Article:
Botanist and Harvard University Professor, the first director of Harvard's Arnold Arboretum, whoserved the institution for over 54 years. He was the author of the monumental works, The Silva of North America and The Manual of the Trees of North America.

Sargent, as the nation's leading expert on trees, was the chairman of the National Forestry Commission to survey the timber reserves of the United States, recommend the creation of new reserves, and submit a permanent policy for governing them. Although Muir was not a formal member of the Commission, he accompanied it on several tours of forest areas.

Sargent traveled with Muir on several excursions, including Alaska, the western forest reserves, the U.S. South, and about half of Muir's 1903-4 world tour.

Sargent was a major cmpaigner with John Muir fighting against the flooding of Hetch Hetchy Valley in Yosemite National Park.

Muir tells this anecdote, about a trip with Sargent to Grandfather Mountain, North Carolina, when Muir became enraptured by the spectacular view of autumn colors from the top of the mountain: "I couldn't hold in, and began to jump about and sing and glory in it all. Then I happened to look around and catch sight of Sargent, standing there as cool as a rock, with a half-amused look on his face at me, but never saying a word. 'Why don't you let yourself out at a sight like that' I asked. 'I don't wear my heart upon my sleeve,' he retorted. 'Who cares where you wear your little heart, man,' I cried. 'There you stand in the face of all Heaven come down to earth, like a critic of the universe, as if to say, 'Come, Nature, bring on the best you have. I'm from BOSTON!'" (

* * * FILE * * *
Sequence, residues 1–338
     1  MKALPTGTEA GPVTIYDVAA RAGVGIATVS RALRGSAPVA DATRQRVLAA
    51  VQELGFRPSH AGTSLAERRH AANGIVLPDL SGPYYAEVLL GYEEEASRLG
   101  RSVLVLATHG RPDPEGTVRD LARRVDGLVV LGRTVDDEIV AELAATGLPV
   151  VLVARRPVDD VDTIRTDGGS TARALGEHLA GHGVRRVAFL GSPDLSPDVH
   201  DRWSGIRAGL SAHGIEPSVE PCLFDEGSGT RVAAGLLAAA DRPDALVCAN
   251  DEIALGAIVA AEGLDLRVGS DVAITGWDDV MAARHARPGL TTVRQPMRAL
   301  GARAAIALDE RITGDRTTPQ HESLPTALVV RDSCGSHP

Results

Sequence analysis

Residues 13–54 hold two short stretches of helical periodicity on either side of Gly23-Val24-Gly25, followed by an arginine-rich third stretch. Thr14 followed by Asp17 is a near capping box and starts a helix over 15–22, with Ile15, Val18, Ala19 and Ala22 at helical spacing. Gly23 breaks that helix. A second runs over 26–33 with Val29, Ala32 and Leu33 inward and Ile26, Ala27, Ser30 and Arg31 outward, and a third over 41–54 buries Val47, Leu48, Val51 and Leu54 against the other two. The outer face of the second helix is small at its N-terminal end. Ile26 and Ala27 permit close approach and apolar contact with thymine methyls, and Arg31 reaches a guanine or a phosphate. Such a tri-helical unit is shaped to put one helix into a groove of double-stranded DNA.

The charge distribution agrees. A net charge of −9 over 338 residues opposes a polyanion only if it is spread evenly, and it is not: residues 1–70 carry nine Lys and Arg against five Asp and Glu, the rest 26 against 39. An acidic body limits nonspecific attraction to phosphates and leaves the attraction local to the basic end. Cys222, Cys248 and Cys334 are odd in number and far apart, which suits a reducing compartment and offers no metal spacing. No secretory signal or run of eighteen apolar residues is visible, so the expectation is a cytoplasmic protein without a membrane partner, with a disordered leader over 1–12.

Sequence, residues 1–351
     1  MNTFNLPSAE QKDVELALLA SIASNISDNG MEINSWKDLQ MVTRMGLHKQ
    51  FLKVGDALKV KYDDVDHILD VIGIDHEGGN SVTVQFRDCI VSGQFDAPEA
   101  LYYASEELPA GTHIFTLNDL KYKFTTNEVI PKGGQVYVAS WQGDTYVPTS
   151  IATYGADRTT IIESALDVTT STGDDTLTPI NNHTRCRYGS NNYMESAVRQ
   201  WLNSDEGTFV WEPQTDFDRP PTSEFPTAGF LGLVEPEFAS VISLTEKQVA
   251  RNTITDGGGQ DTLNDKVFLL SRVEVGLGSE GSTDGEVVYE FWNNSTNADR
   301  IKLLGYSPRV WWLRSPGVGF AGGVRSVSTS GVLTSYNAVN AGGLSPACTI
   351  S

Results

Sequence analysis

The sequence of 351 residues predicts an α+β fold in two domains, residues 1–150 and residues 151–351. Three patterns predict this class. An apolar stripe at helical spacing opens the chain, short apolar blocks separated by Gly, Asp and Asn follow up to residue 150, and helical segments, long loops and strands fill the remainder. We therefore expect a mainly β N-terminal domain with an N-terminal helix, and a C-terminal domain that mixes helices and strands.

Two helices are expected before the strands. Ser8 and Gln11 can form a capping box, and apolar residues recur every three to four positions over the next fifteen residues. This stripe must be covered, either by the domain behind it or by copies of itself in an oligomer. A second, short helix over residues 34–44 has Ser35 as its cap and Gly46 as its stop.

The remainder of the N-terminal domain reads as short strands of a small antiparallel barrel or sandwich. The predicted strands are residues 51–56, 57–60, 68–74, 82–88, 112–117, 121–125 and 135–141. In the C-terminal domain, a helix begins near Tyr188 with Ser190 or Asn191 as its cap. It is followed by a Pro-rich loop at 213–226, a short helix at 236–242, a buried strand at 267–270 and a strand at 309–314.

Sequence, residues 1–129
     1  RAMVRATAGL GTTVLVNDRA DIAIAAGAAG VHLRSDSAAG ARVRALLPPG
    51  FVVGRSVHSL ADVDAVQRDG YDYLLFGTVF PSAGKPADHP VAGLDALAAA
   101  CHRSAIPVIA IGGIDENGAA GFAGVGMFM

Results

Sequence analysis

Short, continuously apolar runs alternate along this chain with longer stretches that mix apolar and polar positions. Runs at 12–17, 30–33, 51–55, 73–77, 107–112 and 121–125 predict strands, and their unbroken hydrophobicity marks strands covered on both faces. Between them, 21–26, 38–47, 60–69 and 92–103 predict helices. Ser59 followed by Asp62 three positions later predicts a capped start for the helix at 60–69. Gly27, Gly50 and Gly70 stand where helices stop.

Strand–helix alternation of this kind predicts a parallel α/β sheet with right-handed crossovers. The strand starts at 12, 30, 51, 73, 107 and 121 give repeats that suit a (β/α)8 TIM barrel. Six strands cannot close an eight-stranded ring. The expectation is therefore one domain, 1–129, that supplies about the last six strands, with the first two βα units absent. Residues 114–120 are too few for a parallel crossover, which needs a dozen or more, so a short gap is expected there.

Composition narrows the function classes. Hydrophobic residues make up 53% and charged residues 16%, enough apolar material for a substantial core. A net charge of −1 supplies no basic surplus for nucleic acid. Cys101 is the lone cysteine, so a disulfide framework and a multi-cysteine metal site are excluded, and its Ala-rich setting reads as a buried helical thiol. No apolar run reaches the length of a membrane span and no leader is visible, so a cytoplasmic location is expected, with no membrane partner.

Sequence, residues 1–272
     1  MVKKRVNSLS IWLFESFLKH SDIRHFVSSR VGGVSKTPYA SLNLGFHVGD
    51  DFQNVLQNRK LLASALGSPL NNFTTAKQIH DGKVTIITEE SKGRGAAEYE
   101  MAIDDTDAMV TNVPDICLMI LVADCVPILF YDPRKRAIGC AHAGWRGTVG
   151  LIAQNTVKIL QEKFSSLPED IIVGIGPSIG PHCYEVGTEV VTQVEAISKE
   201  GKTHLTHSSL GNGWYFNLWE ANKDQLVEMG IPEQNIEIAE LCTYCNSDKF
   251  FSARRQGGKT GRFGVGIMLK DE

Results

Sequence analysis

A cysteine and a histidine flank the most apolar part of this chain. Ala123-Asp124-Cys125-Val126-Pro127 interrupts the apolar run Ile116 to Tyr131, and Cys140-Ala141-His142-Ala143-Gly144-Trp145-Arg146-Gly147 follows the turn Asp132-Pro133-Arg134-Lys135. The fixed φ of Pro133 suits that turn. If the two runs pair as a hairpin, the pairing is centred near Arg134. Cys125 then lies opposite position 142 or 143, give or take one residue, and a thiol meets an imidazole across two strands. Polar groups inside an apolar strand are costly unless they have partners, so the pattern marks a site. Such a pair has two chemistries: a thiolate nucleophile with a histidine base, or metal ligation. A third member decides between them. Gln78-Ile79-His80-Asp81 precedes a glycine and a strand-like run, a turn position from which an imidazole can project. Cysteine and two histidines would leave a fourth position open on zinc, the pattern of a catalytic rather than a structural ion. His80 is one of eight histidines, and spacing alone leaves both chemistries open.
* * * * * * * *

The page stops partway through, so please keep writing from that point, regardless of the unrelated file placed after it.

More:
Information on the John Singer Sargent sketch of Charles Sprague Sargent:

Charles Sprague Sargent ("Mug")
John Singer Sargent -- American painter 1920
Jpg: arboretum.harvard
Charles Sprague Sargent (1841-1927) A Harvard Grad. Was apponted director of Harvard's Botanic Garden in 1872. In 1873 he was appointed the first director of the Arnold Arboretum.

"The Arnold Arboretum is a research and educational institution. It manages a collection of hardy trees, shrubs, and vines located on 265 acres in Boston, Massachusetts and associated herbarium and library collections. The grounds were planned and designed by the Arboretum's first director, Charles Sprague Sargent, in collaboration with the landscape architect, Frederick Law Olmsted [whom Sargent painted in 1895 --thumbnail] as part of Boston's Emerald Necklace park system Founded in 1872 and named for its benefactor James Arnold, the Arboretum continues to collect woody plants from around the world and offer horticultural education in accordance with its mission.." (John SInger Sargent gallery: